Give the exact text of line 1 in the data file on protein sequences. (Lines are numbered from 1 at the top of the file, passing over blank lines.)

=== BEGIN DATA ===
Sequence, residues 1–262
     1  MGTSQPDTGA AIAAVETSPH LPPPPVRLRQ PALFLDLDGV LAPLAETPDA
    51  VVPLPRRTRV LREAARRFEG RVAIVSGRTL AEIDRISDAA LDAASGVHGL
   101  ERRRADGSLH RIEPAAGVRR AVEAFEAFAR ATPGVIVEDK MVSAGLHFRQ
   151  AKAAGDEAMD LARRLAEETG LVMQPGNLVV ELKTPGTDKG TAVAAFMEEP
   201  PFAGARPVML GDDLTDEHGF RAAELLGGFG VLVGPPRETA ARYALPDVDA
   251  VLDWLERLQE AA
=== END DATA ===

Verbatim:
Sequence, residues 1–262